It was just as I had pictured it, just as I had hoped - a bright sunny afternoon, despite how unusual for the Pacific Northwest. I gave birth to our first child at 3:42p.m., January 5, 2005. “It’s a boy,” my husband said smiling, restraining his excitement so as not to sound as if he had a “told-you-so” tone.
Towards the end of my contractions, I had been whimpering. “I just can’t take anymore paaain,” I kept saying. “I won’t be able to push it out if it hurts anymooore.” We had insisted upon being surprised about the gender. Somehow throughout the nine months, the baby had gone from being a “she” to “he” back to “she,” and in the last weeks of baited breath, finally: “it.”
Suddenly, fire was burning. I began screaming. Our baby’s head was crowning. “I can’t do it anymore! I can’t do it anymore!" I screamed. "I just want my mahhhm! I just want to go home now," I cried. "I just wanna go ho-o-me."
No one was letting me leave though.
“You’re doing so well, Grace! You’re doing so well!” my husband said in his sincerely impressed tone. I practically thought I saw that with the arm that wasn’t pushing against my right foot for me as I pushed the baby out, he had his left fist raised, arm outstretched as if UCLA had just scored three touch-downs simultaneously. But the fire was still there, and I had no idea how many more hours it might persist.
But then, before I even know it: “You’re doing so well!” Pause. Then, “It’s a-" (restrain the joy a bit) “boy.” The nurses and doctor begin saying in a round, “He’s beautiful.” "He's beautiful," I'm hearing, "He's beautiful." Who's beautiful? What just happened?
One minute I’m screaming in agony, next, everyone is smiling saying happy things rather than “Push!” “You can do it!” or “You’re doing great!” He's beautiful? But newborns aren't supposed to be beautiful. The one on the video in our birthing class came out grey and looked like an alien.
They placed the baby on my chest. I pulled my neck back as he squirmed on me still covered with wet gunk. I held his hot body on his ribs so he wouldn’t slide off me. A nurse quickly wiped his back. “This is so unreal.” I said. “This is so unreal.” I wanted someone to remove him from me before he wriggled off me or his delicate, little ribs cracked under my grip.
Finally, they took him and placed him under the heat lamp on his shallow, square "bassinet" a few feet away. Its sides were transparent so that I could still see him. I watched, still shocked, not only that he wasn’t a girl, but that he was a real baby and he actually came out of me. How in the world did that even fit inside me?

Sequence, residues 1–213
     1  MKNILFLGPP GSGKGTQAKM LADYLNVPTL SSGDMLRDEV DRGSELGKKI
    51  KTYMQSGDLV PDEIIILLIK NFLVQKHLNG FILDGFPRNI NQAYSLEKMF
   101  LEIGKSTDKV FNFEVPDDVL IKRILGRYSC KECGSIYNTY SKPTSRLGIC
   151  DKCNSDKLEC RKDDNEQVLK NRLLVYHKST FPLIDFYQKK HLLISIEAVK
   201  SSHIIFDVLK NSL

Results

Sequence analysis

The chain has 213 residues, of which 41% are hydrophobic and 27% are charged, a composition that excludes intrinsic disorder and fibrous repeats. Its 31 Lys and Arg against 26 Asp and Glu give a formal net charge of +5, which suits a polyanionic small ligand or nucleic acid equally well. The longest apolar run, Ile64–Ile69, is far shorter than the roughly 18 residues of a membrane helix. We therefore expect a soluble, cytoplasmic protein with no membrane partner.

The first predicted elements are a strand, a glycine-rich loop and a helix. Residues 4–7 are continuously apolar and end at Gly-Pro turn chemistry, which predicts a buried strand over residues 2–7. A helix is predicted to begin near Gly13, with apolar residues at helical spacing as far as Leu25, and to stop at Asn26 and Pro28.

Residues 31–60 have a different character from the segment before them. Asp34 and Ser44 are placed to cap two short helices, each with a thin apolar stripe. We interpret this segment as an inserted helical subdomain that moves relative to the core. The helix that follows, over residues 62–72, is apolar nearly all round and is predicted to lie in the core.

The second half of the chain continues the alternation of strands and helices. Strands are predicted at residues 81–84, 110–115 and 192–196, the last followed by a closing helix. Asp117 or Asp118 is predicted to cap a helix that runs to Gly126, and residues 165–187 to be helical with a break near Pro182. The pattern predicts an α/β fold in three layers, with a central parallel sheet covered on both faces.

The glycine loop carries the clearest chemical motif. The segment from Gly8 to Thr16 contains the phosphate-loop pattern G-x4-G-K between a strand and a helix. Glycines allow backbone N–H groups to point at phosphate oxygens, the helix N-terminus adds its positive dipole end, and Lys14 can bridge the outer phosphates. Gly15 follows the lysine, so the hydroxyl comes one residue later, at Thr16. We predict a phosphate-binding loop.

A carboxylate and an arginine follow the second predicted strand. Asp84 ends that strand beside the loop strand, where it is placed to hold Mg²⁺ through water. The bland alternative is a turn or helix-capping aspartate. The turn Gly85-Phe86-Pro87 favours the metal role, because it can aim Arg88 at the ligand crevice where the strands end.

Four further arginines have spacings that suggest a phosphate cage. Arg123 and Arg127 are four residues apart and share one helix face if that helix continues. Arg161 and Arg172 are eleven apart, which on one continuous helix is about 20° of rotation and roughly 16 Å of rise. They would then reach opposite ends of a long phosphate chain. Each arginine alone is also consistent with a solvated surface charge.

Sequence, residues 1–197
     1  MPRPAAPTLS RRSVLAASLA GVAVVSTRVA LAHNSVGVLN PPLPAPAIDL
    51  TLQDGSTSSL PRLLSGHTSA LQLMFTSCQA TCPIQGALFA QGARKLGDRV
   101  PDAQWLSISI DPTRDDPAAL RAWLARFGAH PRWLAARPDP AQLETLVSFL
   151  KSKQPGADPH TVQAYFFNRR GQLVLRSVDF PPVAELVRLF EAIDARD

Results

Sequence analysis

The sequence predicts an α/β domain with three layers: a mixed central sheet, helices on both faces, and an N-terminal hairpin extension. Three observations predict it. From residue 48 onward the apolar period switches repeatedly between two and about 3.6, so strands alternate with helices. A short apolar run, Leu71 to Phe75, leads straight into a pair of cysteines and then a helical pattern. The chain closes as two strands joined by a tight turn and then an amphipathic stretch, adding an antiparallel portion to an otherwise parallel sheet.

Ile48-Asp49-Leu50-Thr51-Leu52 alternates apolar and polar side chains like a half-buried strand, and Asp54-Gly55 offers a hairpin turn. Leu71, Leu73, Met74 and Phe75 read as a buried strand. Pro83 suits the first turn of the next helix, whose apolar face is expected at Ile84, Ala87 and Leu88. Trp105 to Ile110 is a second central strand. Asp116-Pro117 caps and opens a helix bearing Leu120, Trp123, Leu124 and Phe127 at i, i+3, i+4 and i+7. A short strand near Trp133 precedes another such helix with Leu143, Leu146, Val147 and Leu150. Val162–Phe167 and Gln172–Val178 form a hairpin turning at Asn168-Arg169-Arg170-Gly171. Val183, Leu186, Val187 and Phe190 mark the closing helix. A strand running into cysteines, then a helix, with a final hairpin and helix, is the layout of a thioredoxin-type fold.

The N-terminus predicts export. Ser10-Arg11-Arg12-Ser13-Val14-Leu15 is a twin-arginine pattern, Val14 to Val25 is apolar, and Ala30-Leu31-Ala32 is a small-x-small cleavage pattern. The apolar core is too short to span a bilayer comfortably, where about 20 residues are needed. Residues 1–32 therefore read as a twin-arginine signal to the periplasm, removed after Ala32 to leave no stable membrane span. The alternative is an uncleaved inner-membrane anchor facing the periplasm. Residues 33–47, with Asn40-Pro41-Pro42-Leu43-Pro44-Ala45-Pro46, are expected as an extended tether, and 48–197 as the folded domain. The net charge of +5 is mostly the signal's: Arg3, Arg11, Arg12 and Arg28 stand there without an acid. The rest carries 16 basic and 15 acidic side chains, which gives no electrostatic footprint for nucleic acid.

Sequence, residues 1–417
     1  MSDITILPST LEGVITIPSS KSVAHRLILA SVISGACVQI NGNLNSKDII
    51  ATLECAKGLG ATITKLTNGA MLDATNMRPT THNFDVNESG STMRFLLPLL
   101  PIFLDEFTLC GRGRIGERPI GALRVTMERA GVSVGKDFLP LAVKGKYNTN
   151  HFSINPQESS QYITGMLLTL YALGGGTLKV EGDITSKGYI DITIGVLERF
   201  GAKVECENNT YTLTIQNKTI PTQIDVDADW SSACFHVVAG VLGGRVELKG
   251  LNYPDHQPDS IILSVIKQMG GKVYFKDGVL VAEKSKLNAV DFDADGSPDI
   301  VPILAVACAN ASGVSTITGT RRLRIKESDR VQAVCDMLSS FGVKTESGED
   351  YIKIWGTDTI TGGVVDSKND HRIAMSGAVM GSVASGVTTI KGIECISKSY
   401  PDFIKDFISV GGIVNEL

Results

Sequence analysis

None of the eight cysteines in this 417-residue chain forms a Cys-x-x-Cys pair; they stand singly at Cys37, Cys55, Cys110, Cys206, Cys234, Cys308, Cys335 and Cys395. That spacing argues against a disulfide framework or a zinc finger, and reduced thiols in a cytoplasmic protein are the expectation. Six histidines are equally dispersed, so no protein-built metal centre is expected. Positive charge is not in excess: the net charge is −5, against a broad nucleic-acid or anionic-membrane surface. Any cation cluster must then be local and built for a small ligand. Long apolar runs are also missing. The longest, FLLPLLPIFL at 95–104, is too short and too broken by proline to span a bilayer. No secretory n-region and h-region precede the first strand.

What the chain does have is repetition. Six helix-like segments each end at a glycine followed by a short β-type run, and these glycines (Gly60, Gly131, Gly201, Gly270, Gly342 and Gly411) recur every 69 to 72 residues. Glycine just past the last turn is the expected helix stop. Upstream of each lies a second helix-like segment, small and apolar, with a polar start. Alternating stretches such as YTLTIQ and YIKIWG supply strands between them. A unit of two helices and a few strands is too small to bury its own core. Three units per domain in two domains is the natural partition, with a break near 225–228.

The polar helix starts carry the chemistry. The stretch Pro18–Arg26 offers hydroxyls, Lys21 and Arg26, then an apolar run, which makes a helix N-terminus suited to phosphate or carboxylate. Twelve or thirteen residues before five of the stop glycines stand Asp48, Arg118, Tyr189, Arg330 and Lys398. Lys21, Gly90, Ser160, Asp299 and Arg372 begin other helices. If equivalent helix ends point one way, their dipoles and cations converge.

“It’s like getting married,” I said as if bestowing some new insight upon the other women, though they probably were all mothers themselves, in the room. I was remembering when I was walking down the aisle with a smile on my face, while the yellow church lights shone down on me like the lights on a movie set or a stage. I felt dazed and unsure if it was really me walking down it and not someone else in a movie. It was only one year before that I had walked down that aisle. In fact, our one year anniversary was coming up in five days. The nurse paused in the midst of her scurrying through her duties, her gaze turning into one of confusion, unsure of how there could be any correlation between giving birth to a baby and getting married. I, of course, was not paying enough attention to stop talking and continued in my soliloquizing.
“Wow,” I said staring at the baby under the lamp. “This is so much better than anything else a human could make. And it only took nine months!”
I hated being pregnant. By the time the severe fatigue returned my third trimester, I had practically been traumatized by the first four months of pregnancy. Despite constant sleep deprivation in college, I realized I had no concept of fatigue until pregnancy. Plus, there was the ceaseless nausea for three months straight. And even with the incredible lethargy – and the depression that seems to accompany it – I could not sleep at night due to (we eventually found out after not listening to the first opinion of it just being pregnancy) being allergic to every green thing in the green state of Washington. As my belly grew and became visible nearing my third trimester, though, it made real to me the fact that there really was a real, live human baby growing inside me. In my excitement, I learned to become content barely functioning at 5% of my optimum level. After all, I decided, though I may not get many things done on my daily to-do list, what could be more productive than making a human being? And what could be more “efficient” than making an additional person to you to accomplish things and impact the world?
A few moments later, they gave my baby back to me, all clean now and swaddled in a blue receiving blanket. He was surprisingly more alert than I expected a newborn to be. He looked at me with wide open eyes and I stared back as we appraised each other. I was confused. I did not recognize my (?) baby. He had my husband’s large, almond eyes, my husband’s sister’s cheeks, the flat nose that the ultrasound reviewed as: “could not see a nasal bone,” my husband’s father’s chin, and finally a mouth that their whole family shared. When he closed his eyes they became slits. And with his full set of black hair on his egg-shaped head, he looked like any of Andrew’s Chinese uncles. Yes. This was a Chinese little man. Does he bear any resemblance to me? I know he never left the room, but are you sure he’s mine? Could my husband have made him purely of himself?
Within the hour, they brought the baby to me to nurse for the first time. With each nursing period, we bonded more and more as I stared into his little face and held him against me. By the time we drove home Friday afternoon, I was full-on in love with this little man.